Hurricane-proof building

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Tornadoes, cyclones, and other storms with strong winds damage or destroy many buildings. However, with proper design and construction, the damage to buildings by these forces can be greatly reduced. A variety of methods can help a building survive strong winds and storm surge.

Storm surge considerations[edit]

Waves along coastal areas can destroy many buildings. Buildings should preferably be built on high ground to avoid waves. If waves can reach the building site, the building should be elevated on steel, concrete, or wooden pilings or anchored to solid rock.

Wind loading considerations[edit]

The foundation[edit]

A monolithic dome 1005 Ariola Drive, Pensacola Beach, Florida, after Hurricane Dennis in 2005

Wind on the roof surfaces can cause negative pressures that create a lifting force sufficient to lift the roof off the building. Once this occurs, the building is weakened considerably, and the rest will likely fail as well. To minimize this vulnerability, the upper structure ought to be anchored through the walls to the foundation.

Several methods can be used to anchor the roof. Typically, roof trusses are "toenailed" into the top of the walls, which provide insufficient force to resist high winds. Hurricane ties nail into the wall and wrap over the trusses to provide higher force resistance.

Mobile home tie down to the foundation[edit]

Interlocking metal pan roof systems installed on mobile homes can fail under the pressure differential (lift) created by the high-velocity winds passing over the surface plane of the roof. This is compounded by the wind entering the building allowing the building interior to pressurize, lifting the underside of the roof panels, resulting in the destruction of the building. One example of pan roof systems can be found in this document from Structall Building Systems Archived 2016-03-04 at the Wayback Machine.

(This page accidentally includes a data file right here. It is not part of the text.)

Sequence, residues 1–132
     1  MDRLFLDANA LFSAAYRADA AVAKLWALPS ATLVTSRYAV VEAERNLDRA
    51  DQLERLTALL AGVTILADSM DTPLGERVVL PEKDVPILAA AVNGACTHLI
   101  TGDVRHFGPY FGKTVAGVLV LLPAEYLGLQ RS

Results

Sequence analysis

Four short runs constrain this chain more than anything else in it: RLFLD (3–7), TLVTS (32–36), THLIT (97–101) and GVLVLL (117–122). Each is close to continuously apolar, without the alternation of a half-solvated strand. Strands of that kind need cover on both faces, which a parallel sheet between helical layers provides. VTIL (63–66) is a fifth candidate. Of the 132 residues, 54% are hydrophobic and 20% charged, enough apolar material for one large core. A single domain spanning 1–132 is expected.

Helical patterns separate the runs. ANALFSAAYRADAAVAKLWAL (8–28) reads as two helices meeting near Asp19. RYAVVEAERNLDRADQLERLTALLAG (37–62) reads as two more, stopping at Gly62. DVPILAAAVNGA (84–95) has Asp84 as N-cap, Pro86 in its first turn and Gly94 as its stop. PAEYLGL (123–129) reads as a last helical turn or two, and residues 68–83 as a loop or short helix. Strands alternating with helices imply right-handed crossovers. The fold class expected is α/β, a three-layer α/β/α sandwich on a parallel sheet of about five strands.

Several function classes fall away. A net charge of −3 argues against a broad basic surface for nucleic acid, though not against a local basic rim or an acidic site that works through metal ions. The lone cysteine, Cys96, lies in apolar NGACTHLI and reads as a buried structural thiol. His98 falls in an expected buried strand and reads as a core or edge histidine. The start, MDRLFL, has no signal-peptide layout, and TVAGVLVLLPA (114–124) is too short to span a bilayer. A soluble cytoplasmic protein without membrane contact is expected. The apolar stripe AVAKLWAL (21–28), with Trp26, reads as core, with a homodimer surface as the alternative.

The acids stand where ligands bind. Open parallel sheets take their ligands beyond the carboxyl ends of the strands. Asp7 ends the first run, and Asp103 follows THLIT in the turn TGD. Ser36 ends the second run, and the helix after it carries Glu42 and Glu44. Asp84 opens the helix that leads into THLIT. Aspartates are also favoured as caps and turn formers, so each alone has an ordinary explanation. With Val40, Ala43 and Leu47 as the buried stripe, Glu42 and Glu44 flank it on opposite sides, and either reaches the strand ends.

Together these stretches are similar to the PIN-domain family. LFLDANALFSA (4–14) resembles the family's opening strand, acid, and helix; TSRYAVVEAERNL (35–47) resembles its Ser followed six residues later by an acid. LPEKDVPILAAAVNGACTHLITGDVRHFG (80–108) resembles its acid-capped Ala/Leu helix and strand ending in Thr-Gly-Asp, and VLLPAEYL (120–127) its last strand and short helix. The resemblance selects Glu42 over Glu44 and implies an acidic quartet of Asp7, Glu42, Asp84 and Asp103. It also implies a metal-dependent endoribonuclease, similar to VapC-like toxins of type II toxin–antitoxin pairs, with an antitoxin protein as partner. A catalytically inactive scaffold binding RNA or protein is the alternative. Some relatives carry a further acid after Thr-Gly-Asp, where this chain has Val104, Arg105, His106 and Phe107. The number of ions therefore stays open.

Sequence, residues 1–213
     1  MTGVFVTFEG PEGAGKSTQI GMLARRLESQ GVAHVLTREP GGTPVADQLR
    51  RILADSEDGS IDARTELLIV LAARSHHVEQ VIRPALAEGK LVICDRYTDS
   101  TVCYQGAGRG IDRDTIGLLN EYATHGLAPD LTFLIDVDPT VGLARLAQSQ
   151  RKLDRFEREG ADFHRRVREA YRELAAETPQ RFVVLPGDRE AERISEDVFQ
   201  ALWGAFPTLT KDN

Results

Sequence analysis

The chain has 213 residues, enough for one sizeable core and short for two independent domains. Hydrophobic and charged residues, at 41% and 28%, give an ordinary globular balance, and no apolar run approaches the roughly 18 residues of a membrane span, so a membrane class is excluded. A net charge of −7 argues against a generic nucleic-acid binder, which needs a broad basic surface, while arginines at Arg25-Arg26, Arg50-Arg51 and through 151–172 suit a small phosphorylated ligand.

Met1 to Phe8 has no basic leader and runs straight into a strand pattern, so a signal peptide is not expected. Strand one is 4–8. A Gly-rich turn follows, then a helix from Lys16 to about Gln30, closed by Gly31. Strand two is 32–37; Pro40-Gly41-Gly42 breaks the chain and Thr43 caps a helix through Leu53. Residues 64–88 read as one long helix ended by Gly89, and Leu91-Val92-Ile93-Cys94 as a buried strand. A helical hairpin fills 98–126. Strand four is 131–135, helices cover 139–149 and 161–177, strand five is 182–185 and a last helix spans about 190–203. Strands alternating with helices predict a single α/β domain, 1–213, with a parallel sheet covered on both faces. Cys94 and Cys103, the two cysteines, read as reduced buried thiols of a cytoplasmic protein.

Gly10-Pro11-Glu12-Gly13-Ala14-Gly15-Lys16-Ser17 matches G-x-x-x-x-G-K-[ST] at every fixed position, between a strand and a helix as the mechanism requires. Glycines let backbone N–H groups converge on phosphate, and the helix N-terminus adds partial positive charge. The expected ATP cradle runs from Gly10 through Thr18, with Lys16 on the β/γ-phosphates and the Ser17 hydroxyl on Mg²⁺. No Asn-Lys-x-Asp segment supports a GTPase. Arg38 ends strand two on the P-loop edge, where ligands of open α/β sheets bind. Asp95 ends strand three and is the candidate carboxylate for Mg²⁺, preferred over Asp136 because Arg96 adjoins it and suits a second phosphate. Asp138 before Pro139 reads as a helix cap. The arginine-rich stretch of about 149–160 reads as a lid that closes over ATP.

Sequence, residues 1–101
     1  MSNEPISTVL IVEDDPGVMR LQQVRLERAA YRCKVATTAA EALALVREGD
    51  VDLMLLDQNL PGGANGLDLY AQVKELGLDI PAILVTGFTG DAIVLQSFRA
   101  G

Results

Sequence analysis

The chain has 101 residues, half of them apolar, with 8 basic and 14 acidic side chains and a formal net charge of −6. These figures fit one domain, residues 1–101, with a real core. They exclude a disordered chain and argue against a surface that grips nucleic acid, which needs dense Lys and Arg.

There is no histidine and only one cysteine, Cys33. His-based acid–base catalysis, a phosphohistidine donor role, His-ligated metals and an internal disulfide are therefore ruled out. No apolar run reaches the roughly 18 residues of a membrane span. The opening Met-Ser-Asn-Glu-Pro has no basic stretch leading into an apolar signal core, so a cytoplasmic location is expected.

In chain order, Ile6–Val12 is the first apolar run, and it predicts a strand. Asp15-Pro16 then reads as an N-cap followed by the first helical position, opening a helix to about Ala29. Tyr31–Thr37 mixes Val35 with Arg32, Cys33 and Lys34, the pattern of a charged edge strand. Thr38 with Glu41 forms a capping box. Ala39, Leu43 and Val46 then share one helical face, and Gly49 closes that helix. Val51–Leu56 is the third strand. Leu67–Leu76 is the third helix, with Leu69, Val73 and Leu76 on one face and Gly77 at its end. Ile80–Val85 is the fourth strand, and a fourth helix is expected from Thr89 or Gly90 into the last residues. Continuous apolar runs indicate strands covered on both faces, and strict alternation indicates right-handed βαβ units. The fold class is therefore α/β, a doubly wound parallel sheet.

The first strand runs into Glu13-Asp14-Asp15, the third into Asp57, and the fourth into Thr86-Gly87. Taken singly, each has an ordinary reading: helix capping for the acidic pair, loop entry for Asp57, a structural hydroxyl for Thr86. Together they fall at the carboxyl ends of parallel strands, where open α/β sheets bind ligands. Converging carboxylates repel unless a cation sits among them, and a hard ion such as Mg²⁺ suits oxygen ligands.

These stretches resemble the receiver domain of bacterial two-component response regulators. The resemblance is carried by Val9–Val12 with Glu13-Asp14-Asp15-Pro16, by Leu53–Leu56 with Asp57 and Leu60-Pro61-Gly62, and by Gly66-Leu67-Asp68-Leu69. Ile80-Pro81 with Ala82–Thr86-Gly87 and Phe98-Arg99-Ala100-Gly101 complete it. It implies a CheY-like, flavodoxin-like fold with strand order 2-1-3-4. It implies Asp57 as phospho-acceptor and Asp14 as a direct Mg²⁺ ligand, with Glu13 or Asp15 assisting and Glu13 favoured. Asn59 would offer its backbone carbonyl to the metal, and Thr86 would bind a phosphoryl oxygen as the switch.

To mitigate this pressure differential, pre-installed aluminum tabular channels can be permanently fastened perpendicularly across the top of the interlocking ribs of the metal roof system without disturbing the flow of rainwater at the eaves mid-span and ridge locations of the building.


Earth-sheltered construction is generally more resistant to strong winds and tornadoes than standard construction. Cellars and other earth-sheltered components of other buildings can provide safe refuge during tornadoes.

Dome homes[edit]

The physical geometry of a building affects its aerodynamic properties and how well it can withstand a storm. Geodesic dome roofs or buildings have low drag coefficients and can withstand higher wind forces than a square building of the same area.[1][2] Even stronger buildings result from monolithic dome construction.[3]

Log house[edit]

A Category 5 hurricane-proof log house is resistant to winds up to 245 miles per hour (394 km/h). Wall logs in such construction must be made of glued laminated timber and all other components of the house, including hurricane straps, must be hurricane-resistant.

Round house[edit]

A round, or multiple-sided home, is more resistant to hurricane strength winds.[4][5] The round design allows the wind to blow around the home, reducing the build-up of pressure on one side.[6] Additionally, with the roof and floors built using a radial truss array, that allows any potential energy from sustained winds to disperse across the entire structure instead of building up in one area.[7]